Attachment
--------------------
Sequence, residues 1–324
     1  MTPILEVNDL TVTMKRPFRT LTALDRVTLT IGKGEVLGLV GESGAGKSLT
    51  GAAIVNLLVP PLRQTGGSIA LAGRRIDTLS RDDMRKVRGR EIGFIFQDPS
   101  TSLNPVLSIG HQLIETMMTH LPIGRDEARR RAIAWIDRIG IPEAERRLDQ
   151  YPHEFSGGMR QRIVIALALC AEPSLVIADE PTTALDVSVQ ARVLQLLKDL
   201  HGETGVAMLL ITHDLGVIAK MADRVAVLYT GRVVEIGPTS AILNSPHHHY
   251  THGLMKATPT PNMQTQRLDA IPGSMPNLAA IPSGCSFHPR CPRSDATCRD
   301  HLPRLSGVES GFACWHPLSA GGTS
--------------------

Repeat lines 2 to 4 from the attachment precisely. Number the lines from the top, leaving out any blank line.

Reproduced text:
     1  MTPILEVNDL TVTMKRPFRT LTALDRVTLT IGKGEVLGLV GESGAGKSLT
    51  GAAIVNLLVP PLRQTGGSIA LAGRRIDTLS RDDMRKVRGR EIGFIFQDPS
   101  TSLNPVLSIG HQLIETMMTH LPIGRDEARR RAIAWIDRIG IPEAERRLDQ